1. This suit has been decided adversely to the plaintiffs on the ground that it is barred by what is commonly called the special law of limitation, that is, the law of limitation as prescribed by the Bengal Tenancy Act. It seems to be overlooked at times, in applying the provisions of that Act, that it is one to amend and consolidate certain enactments relating to landlord and tenant and that, as its preamble shows, what was regarded as expedient was to amend and consolidate certain enactments relating to landlord and tenant.
2. Section 184 of the Act prescribes certain rules of limitation by a reference to the Schedule. But Section 184 as also Chapter XVI, of which it is a part, is but a portion of this Code which governs the relations of landlord and tenant. In determining what Article 3 of Schedule III of the Bengal Tenancy Act means, we must not leave out of sight the purpose and scope of the Act. It was not the design of the Act, as I understand it, to deprive a tenant of the rights that he otherwise possesses against a third person between whom and himself there was no relationship of landlord and tenant. It was only intended to deal with such rights as existed between landlord and tenant.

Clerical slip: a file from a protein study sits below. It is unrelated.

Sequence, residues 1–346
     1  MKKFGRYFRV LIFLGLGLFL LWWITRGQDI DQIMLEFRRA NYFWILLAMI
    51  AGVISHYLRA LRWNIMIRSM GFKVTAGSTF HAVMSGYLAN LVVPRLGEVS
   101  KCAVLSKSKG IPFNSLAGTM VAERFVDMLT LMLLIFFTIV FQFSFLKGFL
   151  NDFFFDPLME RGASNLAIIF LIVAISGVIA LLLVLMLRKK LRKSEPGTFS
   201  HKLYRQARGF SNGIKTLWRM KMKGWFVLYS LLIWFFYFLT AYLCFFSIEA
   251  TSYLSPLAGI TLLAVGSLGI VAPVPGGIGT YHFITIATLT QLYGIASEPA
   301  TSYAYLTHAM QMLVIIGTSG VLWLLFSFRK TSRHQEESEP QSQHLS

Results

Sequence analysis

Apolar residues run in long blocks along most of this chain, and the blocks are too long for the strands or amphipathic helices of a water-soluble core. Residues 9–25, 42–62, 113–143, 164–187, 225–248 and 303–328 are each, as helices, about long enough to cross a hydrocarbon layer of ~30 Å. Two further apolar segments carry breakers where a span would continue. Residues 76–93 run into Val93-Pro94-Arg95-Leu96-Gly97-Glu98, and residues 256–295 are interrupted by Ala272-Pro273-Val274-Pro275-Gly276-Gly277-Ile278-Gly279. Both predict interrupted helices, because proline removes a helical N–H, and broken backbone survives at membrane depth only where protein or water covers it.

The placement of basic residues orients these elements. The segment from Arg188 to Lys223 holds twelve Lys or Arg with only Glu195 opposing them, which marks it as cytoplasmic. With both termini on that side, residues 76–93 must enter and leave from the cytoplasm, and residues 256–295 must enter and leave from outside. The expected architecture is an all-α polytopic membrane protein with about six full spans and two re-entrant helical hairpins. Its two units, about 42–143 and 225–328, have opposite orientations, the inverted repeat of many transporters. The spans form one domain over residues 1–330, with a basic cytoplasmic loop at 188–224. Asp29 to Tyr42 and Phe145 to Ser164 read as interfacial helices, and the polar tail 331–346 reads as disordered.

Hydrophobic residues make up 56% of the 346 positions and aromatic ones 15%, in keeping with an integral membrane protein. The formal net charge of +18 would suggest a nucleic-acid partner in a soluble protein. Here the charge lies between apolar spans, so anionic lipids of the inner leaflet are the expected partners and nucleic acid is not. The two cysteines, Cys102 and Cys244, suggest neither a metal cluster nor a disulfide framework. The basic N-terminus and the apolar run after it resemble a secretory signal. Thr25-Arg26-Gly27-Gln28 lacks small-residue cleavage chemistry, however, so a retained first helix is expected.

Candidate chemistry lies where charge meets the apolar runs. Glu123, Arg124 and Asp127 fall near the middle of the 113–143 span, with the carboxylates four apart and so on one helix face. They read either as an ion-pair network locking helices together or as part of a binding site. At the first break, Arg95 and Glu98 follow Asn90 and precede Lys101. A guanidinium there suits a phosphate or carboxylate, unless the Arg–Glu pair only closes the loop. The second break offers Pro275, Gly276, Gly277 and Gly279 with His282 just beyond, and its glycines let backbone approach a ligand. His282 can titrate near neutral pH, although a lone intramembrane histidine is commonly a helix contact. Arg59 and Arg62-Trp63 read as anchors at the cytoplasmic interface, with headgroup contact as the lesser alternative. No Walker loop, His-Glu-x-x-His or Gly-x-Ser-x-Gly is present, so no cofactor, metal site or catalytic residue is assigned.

3. I am aware that very extended operation has been attributed to Article 3, in one case at any rate. But that is contrary to the general current of decisions and to the spirit of the Act. To deprive a tenant of his right of suit there must be a plain dispossession within the meaning of Article 3 of the Schedule. Bearing in mind what it was that the Act did intend, in my opinion there is no justification here for saying that there was such a dispossession as the learned Subordinate Judge in reversal of the Munsif has thought fit to find Therefore, his decree must be set aside and the case must go back to the lower Appellate Court, in order that it may there be determined on the merits apart from the special Jaw of limitation which has no application.
4. Costs will follow the result.